Geologists, therefore, must leave the strict domain of science when they become historical geologists. We repeat that we have no quarrel whatever with geological science, which in its many disciplines is contributing most significantly to our understanding and utilization of our terrestrial environment and resources. The so-called historical geology, on the other hand, has not changed or developed in any essential particular for over a hundred years, since the days when its basic philosophical structure was first worked out by such non-geologists as Charles Lyell (a lawyer), William Smith (a surveyor), James Hutton (an agriculturalist), John Playfair (a mathematician), Georges Cuvier (a comparative anatomist), Charles Darwin (an apostate divinity student turned naturalist), and various theologians (Buckland, Fleming, Pye Smith, and Sedgwick). Might we respectfully suggest that, if nongeologists were allowed to develop the standard historical geology, non-geologists might also be permitted to evaluate and criticize it? Historical geology, with its evolutionary implications, has had profound influence on nearly every aspect of modern life, especially in its fostering of an almost universal rejection of the historicity of Genesis and of Biblical Christianity generally. It is not reasonable, therefore, to expect Bible-believing Christians to acquiesce quietly when, in the name of "science," historical geologists attempt to usurp all authority in this profoundly important field of the origin and history of the earth and its inhabitants.

It is at this point that we feel that the reviewers, in common with the other negative reviews that have appeared previously, have been most unfair. As we stressed repeatedly in our book, the real issue is not the correctness of the interpretation of various details of the geological data, but simply what God has revealed in His Word concerning these matters. This is why the first four chapters and the two appendixes were devoted to a detailed exposition and analysis of the Biblical teachings on creation, the Flood, and related topics. The last three chapters attempted then, in an admittedly preliminary and incomplete manner, to explain the pertinent geological and other scientific data in the light of these teachings. The criticisms, however, have almost always centered upon various details of the latter and have ignored the former and more important matters. The very strong and detailed Biblical evidences for a recent Creation, the universal effects of the Curse, and the worldwide destructive effects of the Deluge, have evidently been neglected as peripheral and inconsequential as far as the reviewers are concerned. Of course, they cite opinions to the effect that various interpretations are possible, but none ever deals with the actual Biblical evidence.

The only conclusion that we can draw from this is that we seem to be operating on two entirely different sets of presuppositions and therefore cannot even communicate with each other properly. It seems to boil down to the difference between interpreting the scientific data in the light of Biblical revelation and interpreting both revelation and the scientific data in the light of the philosophic assumption of uniformity.

The second basic criticism of the reviewers is the charge that we have supported our position by quotations taken out of context and that these quotations are consequently misleading. To this we would only say that we heartily endorse Dr. Ault's suggestion that skeptical readers look up the references for themselves. We were careful to give full documentation for every reference for just this reason. We flatly reject the innuendo that we tried to give the impression that the authorities cited agreed with our basic position or even with the particular argument we were attempting to illustrate by each quotation. We were, of course, trying to show in each case that the actual scientific data could be interpreted just as well or better in terms of the creation-catastrophe framework. Since it would be unrealistic to expect most readers to accept our description of the particular phenomenon under discussion simply on our own authority, we used instead the works of recognized geologists of the orthodox school. No implication was intended, unless explicitly so stated, concerning the beliefs of the particular writer quoted. We believe the quotation in each case speaks for itself concerning the issue at hand. This, of course, is standard procedure in scientific dialogue and argumentation. The latter would be quite impossible were writers expected to limit their citations to recognized authorities who already agreed with their position. Surely the reviewers know this very well.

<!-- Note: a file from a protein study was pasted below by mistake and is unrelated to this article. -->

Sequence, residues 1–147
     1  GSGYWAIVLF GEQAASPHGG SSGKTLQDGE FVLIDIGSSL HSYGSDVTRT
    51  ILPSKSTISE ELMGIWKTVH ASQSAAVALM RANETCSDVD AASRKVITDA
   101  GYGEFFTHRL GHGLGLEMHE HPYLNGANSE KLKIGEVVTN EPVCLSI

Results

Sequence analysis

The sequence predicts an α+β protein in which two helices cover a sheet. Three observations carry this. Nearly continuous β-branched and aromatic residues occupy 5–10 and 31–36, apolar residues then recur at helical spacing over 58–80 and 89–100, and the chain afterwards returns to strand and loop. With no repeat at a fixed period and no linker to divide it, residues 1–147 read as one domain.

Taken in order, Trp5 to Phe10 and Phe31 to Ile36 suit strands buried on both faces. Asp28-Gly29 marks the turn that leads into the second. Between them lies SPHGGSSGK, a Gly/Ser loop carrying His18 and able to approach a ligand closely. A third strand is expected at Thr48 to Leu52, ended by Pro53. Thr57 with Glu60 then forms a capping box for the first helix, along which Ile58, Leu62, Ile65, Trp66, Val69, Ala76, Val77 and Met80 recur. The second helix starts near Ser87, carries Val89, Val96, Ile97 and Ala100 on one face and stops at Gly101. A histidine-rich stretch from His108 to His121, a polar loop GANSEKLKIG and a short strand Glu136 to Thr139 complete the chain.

Space does not permit a detailed discussion of the specific examples which the reviewers give in support of their charge of misleading quotations. However, we deny not only the general charge but also the validity of the individual examples. We believe a careful reading of both the original articles and our use of portions of them in our discussions will verify their pertinence and contextual soundness as they stand. We of course readily acknowledge our fallibility. When and if legitimate weaknesses or mistakes are pointed out, we hope that we shall be willing to acknowledge and revise them. As we tried repeatedly to stress in the book, our specific discussions of individual geologic problems were tentative and subject to continuing re-evaluation with further study, but these problems do not and cannot be allowed to raise questions concerning the basic framework of Biblical revelation within which they must be understood.

We of course also feel that the reviewers themselves have rather seriously taken portions of our own book out of context, misinterpreted and distorted and caricatured our arguments. We think they have done what they think we have done!

Again, the probable rationale of this impasse is that we are viewing everything through two different sets of spectacles. Everything we see is colored in accordance with the color of the lenses. And this is not a matter of science. We acknowledge and respect the scientific credentials of Messrs. Hearn, Roberts, and Ault and have no quarrel at all with the splendid sciences of biochemistry, physics, and geology which they represent. At the same time we hope they are willing to recognize the fact that there are many qualified scientists, including biochemists, physicists, and even geologists, who agree substantially with our position. The majority, of course, do not. But neither scientific truth nor Biblical truth is ever determined by majority vote.